Report: Iran missiles can now hit targets at 2,000 km range
Commander of Aerospace Force of the Iranian Revolutionary Guards Brigadier General Amir Ali Hajizadeh says if attacked Iran can retaliate by targeting American aircraft carriers.
Iran launched two long-range missiles into the Indian Ocean in February, Iranian news agencies reported yesterday, quoting as their source the commander of the Aerospace Force of the Iranian Revolutionary Guards.
The commander, Brigadier General Amir Ali Hajizadeh, said that if Iran is attacked, it can retaliate by targeting American aircraft carriers in the region, which he described as “moving targets.” Hajizadeh said the launch test included firing two missiles from the Semnan province in the north of the country. He said American spy planes were operating in the area, but “curiously didn’t report that.”
Iran has claimed for some time that it has rockets with a range of 2,000 km. but a statement on their actual launch for such a distance is unusual, as is the choice of direction − toward the Indian Ocean.
Israeli missiles expert Uzi Rubin told Haaretz that launching a missile into the ocean at such a distance shows the Iranians’ ability to chart the course of the missiles and pinpoint the landing location. He said this was a breakthrough that would allow the Iranians to go on increasing the range of their missiles, if they so desire.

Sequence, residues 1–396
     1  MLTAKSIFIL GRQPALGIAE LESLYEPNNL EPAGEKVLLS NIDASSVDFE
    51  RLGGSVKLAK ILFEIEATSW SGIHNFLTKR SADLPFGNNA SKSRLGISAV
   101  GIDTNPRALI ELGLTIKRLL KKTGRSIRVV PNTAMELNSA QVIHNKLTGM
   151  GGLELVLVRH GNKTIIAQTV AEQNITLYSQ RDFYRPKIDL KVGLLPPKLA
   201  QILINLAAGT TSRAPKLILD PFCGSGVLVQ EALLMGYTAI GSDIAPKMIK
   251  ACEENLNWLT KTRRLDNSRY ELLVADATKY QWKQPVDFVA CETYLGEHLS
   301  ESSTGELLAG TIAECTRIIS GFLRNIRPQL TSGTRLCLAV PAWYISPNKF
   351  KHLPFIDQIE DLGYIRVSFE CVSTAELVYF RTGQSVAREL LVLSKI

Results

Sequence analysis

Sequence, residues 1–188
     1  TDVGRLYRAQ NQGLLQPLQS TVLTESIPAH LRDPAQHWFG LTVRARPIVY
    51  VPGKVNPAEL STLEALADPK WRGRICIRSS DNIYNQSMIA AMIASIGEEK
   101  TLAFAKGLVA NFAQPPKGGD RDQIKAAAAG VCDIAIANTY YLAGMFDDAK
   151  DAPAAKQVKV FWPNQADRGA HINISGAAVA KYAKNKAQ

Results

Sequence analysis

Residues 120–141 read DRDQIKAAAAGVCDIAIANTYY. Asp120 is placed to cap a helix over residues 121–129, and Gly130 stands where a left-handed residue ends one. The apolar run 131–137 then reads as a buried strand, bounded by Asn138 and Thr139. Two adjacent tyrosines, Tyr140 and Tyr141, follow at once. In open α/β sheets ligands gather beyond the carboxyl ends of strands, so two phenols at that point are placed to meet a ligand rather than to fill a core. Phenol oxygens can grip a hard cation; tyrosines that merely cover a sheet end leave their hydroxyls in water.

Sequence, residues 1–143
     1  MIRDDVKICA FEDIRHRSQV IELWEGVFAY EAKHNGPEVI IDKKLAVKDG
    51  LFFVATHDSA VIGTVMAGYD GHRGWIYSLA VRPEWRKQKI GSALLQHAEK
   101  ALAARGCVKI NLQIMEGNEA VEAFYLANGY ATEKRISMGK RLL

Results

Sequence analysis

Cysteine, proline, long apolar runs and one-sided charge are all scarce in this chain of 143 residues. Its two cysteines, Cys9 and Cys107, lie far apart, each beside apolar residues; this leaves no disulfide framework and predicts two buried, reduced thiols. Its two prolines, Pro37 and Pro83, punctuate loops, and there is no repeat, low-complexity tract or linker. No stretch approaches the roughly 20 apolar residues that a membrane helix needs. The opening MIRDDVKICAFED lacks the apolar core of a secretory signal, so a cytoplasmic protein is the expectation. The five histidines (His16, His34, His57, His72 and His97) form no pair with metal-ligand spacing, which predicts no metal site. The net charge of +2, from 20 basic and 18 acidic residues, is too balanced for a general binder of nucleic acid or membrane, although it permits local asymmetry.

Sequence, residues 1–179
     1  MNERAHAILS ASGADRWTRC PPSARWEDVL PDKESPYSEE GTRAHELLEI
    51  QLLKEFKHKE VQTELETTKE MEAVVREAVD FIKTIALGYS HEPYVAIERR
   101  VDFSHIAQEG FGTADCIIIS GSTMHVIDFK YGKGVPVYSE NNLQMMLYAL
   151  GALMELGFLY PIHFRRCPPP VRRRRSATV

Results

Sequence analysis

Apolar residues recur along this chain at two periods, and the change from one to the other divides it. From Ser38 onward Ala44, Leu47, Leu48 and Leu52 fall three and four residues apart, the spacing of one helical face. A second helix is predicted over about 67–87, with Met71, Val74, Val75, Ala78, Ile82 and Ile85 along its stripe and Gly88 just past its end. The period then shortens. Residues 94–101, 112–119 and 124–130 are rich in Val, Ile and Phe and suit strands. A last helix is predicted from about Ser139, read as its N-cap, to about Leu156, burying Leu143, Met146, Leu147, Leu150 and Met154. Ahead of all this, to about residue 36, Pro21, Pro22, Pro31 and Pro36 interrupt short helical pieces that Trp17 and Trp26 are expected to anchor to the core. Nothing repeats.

“This is the first tangible evidence that the Iranian Shihab 3 missile can actually reach that range,” said Rubin, former head of Israel’s Wall (Homa) missile defense program. He said such a range would allow Iranians to hit targets not only in the Persian Gulf and in Israel, but also in Europe.
Rubin told Haaretz he believes the improvement from the Shihab’s previously proved range of 1,300 km. may have been achieved through constructing the body of the missile out of aluminum, rather than steel. “It’s a complicated technical project that would involve redesigning the missile and significantly upgrading its various capabilities,” he said.
The United Nations reported recently that Iran tried to launch a long-range Sijil missile in October. The report was not officially released, due to fierce Chinese opposition to the release of the information, but reports were distributed to media outlets and websites. The failure of the Iranian commander to mention that experiment could mean it ended in failure.
The missiles launched in February were one Sijil and one Shihab 3 missile. “The ability to launch a Sijil again after an apparent failure in October, within just four months, is very impressive,” Rubin said.
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